Despite a minimal change in interest rates, energy prices or company fundamentals, U.S. natural gas utilities continued their bullish run in the first quarter, and they show no signs of abating, according to a review by A.G. Edwards analysts.

Mike Heim and Daniel Fidell noted that gas utility stocks have outperformed the Standard & Poor’s Composite Index (S&P) each of the last three years and in 1Q2007. A.G. Edwards’ index of 30 gas utilities provided a total return of 5.3% in the quarter versus a return of 0.6% for the S&P.

A.G. Edwards divides its universe into two categories: “gas distributors and diversified gas utilities. The gas distributor group includes gas utilities that generally receive less than 25% of their earnings from unregulated operations. The diversified group includes companies whose primary business is gas distribution but that also own other energy-related operations that include exploration and production, transmission, storage and marketing.

“Valuation multiples remain high relative to historic ranges,” the analysts wrote in their quarterly review. “The median P/E [profit to earnings] as measured by an index of 30 gas utilities on 2008 estimated earnings is 16.8 times versus a historical range of 11.5-17.5 times.” The higher valuations have been helped by the recent takeover announcements, Heim and Fidell noted.

“The influx of private investment into the utility space (note, for example, recent takeover bids for Kinder Morgan, TXU Corp. and SEMCO Corp.) have helped move multiples higher. Asset transaction prices in the energy industry also remain high buoyed by a growing number of master limited partnerships chasing a shrinking portfolio of assets for sale. We believe as long as gas utility assets are being bought for 10-12 times EBITDA [earnings before interest, taxes, depreciation and amortization], current gas utility market multiples seen reasonable even if they are high relative to historical levels.”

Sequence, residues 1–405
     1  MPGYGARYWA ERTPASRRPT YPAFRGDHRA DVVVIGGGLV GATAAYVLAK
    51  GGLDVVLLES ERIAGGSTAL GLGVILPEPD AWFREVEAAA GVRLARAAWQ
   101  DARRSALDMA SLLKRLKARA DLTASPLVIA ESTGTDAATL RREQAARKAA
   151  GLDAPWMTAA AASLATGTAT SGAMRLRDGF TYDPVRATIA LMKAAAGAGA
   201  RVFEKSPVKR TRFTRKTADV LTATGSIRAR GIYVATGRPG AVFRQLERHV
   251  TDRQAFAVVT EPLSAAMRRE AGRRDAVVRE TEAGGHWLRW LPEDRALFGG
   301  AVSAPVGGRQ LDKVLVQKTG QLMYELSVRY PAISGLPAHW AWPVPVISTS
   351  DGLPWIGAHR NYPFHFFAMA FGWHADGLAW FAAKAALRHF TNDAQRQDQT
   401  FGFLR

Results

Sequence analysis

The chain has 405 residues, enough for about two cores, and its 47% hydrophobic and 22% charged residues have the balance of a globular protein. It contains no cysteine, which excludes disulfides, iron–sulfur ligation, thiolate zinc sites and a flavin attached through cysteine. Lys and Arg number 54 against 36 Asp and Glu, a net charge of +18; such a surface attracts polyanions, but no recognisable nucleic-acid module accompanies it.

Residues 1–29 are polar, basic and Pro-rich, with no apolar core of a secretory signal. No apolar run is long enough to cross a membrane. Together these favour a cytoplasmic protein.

The regulatory environment for gas utilities is positive “as more state regulators grant mechanisms that automatically adjust rates to offset changes in consumption patterns,” the analysts wrote. In addition, the United States witnessed its first quarter of colder-than-normal temperatures in at least two years.

“Cold weather will help the earnings of gas utilities that do not have decoupling mechanisms or weather normalization riders in their rates,” they wrote. “It may also hep companies seeking to get such mechanisms as consumer advocates realize that rates would have been lower last quarter if mechanisms had been put in place.”

Going forward, gas utility stock returns are expected to slow to a rate “more in line” with A.G.Edwards’ long-term forecast of 7-9%.

Of the gas utilities it covers, A.G. Edwards’ strongest performing stock among the gas distributors was SEMCO (24.9%), which agreed to be acquired in February (see Daily GPI, Feb. 26). Other strong performers included South Jersey Industries (14.7%), AGL Resources (10.9%) and Northwest Natural Gas (8.6). Of the diversified gas utilities, top performers included Equitable Resources (16.3), National Fuel Gas Co. (13%) and MDU Resources (12.7%).

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